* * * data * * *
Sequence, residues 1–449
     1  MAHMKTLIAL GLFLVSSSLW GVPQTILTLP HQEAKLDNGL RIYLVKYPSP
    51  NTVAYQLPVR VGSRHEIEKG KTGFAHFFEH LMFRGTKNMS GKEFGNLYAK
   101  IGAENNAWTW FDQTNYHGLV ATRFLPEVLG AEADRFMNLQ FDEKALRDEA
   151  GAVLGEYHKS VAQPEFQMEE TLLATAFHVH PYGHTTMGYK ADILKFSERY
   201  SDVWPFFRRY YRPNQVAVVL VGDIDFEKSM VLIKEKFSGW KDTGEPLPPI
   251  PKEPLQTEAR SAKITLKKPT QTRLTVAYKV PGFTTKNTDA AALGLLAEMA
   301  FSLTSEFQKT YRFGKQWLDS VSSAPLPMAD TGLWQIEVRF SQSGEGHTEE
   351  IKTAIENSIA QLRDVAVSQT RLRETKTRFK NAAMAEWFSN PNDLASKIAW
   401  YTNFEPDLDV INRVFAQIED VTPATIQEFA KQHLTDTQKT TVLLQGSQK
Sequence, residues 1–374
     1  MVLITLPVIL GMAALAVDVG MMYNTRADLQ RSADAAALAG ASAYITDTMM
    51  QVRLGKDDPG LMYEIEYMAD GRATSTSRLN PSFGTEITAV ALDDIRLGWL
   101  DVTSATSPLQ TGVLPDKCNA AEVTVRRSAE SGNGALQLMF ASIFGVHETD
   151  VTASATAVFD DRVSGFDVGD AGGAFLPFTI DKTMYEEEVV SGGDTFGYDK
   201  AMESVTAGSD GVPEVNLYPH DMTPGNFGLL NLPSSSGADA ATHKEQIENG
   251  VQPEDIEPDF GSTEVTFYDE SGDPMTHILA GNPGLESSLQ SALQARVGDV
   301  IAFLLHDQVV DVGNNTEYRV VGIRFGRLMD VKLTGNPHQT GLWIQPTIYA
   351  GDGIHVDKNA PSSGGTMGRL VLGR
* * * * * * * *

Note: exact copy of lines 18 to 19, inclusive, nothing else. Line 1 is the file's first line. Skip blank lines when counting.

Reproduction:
   301  IAFLLHDQVV DVGNNTEYRV VGIRFGRLMD VKLTGNPHQT GLWIQPTIYA
   351  GDGIHVDKNA PSSGGTMGRL VLGR